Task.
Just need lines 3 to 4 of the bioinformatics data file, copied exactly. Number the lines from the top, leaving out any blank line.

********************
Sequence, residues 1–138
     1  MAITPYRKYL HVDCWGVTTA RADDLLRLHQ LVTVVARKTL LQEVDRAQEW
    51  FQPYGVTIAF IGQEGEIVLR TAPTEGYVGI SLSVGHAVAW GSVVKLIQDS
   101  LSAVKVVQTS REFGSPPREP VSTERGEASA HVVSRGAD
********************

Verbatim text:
    51  FQPYGVTIAF IGQEGEIVLR TAPTEGYVGI SLSVGHAVAW GSVVKLIQDS
   101  LSAVKVVQTS REFGSPPREP VSTERGEASA HVVSRGAD